With: With: Willem Dafoe, Scott Speedman, Clea Duvall, James Rebhorn, Peter Stormare.

More Film

  • Overview of IDFA’s 2017 Forum

    IDFA Forum: ‘Documentary Makers Want To Go Behind The News’

    This “Seven”-type serial-killer police procedural gives new meaning to the term “high concept.” Working backward from an abstract visual idea, an esoteric Renaissance painting technique called “anamorphosis,” the filmmakers scramble to build a plot around it. Pic provides the ultimate in subtext with no text: Beyond its cool, reflective surfaces and infinite plays with perspective […]

  • Serbian Doc 'The Other Side of

    'The Other Side of Everything' Leads Winners From a Politically Charged IDFA Lineup

    This “Seven”-type serial-killer police procedural gives new meaning to the term “high concept.” Working backward from an abstract visual idea, an esoteric Renaissance painting technique called “anamorphosis,” the filmmakers scramble to build a plot around it. Pic provides the ultimate in subtext with no text: Beyond its cool, reflective surfaces and infinite plays with perspective […]

  • Ventana Sur: Blood Window Work In

    Ventana Sur: A Breakdown of This Year's Blood Window Work in Progress Section

    This “Seven”-type serial-killer police procedural gives new meaning to the term “high concept.” Working backward from an abstract visual idea, an esoteric Renaissance painting technique called “anamorphosis,” the filmmakers scramble to build a plot around it. Pic provides the ultimate in subtext with no text: Beyond its cool, reflective surfaces and infinite plays with perspective […]

  • Overview of IDFA’s 2017 Shifting Perspectives

    IDFA’s Shifting Perspectives Program – ‘It’s About Ownership Of Images’

    This “Seven”-type serial-killer police procedural gives new meaning to the term “high concept.” Working backward from an abstract visual idea, an esoteric Renaissance painting technique called “anamorphosis,” the filmmakers scramble to build a plot around it. Pic provides the ultimate in subtext with no text: Beyond its cool, reflective surfaces and infinite plays with perspective […]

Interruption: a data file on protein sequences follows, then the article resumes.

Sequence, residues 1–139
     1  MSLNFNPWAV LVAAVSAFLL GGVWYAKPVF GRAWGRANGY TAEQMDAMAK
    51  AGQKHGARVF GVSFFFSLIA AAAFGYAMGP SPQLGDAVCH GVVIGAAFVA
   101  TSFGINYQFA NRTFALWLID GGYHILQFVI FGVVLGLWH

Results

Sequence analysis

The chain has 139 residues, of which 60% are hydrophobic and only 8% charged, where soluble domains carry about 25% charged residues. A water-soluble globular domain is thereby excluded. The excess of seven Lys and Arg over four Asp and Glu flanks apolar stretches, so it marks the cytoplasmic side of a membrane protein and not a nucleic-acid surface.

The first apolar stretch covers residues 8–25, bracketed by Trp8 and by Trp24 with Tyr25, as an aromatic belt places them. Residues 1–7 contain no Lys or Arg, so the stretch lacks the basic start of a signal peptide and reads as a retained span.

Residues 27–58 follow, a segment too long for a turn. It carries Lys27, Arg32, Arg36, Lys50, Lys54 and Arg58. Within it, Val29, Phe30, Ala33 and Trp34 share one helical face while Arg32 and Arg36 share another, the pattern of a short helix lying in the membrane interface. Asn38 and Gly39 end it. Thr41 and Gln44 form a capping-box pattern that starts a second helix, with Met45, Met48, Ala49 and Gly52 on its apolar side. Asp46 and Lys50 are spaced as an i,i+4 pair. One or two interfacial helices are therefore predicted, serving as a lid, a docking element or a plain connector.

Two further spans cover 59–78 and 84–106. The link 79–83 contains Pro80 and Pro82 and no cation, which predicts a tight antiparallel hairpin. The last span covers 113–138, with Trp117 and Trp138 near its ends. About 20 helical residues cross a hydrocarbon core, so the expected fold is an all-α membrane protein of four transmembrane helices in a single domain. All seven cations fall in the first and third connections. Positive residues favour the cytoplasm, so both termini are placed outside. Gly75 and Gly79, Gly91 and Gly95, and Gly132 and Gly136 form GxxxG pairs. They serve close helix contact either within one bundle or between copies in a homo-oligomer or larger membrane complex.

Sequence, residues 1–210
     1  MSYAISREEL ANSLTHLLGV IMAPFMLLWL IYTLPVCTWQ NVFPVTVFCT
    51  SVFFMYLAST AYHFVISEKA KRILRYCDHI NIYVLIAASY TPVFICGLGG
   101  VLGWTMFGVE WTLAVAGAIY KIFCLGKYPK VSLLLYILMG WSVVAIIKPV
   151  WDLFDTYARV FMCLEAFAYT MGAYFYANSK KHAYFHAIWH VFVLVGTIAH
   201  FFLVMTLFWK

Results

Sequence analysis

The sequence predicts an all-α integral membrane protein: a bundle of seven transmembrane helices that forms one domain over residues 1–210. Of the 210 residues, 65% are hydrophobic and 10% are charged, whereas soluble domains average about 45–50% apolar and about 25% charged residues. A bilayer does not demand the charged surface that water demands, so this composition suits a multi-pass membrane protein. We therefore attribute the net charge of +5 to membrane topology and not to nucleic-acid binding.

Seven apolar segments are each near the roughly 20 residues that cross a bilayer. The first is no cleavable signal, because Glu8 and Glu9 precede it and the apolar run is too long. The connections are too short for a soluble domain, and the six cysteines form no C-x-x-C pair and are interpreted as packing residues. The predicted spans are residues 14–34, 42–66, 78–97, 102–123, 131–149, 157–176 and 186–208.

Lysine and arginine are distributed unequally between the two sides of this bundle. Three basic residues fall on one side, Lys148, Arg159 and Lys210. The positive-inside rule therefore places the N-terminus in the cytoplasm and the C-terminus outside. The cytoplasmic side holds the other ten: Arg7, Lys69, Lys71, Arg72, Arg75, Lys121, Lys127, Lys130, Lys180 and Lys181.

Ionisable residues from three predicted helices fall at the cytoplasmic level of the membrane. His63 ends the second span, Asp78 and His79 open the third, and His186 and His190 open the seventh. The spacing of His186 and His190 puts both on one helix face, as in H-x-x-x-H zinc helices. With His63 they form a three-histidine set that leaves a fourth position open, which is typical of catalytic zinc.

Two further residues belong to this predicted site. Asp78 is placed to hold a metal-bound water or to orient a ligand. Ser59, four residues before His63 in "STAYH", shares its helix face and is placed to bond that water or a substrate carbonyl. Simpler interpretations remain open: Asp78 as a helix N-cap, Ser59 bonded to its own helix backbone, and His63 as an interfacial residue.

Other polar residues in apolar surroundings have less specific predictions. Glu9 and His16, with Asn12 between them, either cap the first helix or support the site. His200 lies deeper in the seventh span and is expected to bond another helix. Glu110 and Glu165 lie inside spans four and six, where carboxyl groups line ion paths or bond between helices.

• 'Of Fathers and Sons' Review: A

    IDFA Film Review: 'Of Fathers and Sons'

    This “Seven”-type serial-killer police procedural gives new meaning to the term “high concept.” Working backward from an abstract visual idea, an esoteric Renaissance painting technique called “anamorphosis,” the filmmakers scramble to build a plot around it. Pic provides the ultimate in subtext with no text: Beyond its cool, reflective surfaces and infinite plays with perspective […]

  • Hogar,’‘Tiburones,’ ‘Death’Among Projects At Montevideo's Eave

    ‘Hogar,’ ‘Tiburones,’ ‘Death Will Come and Will Have Your Eyes’ at Montevideo’s Puentes

    This “Seven”-type serial-killer police procedural gives new meaning to the term “high concept.” Working backward from an abstract visual idea, an esoteric Renaissance painting technique called “anamorphosis,” the filmmakers scramble to build a plot around it. Pic provides the ultimate in subtext with no text: Beyond its cool, reflective surfaces and infinite plays with perspective […]

  • A Profile of Argentina’s Documentary Filmmaker:

    Argentina on the Rise – Manuel Abramovich

    This “Seven”-type serial-killer police procedural gives new meaning to the term “high concept.” Working backward from an abstract visual idea, an esoteric Renaissance painting technique called “anamorphosis,” the filmmakers scramble to build a plot around it. Pic provides the ultimate in subtext with no text: Beyond its cool, reflective surfaces and infinite plays with perspective […]

More From Our Brands

Access exclusive content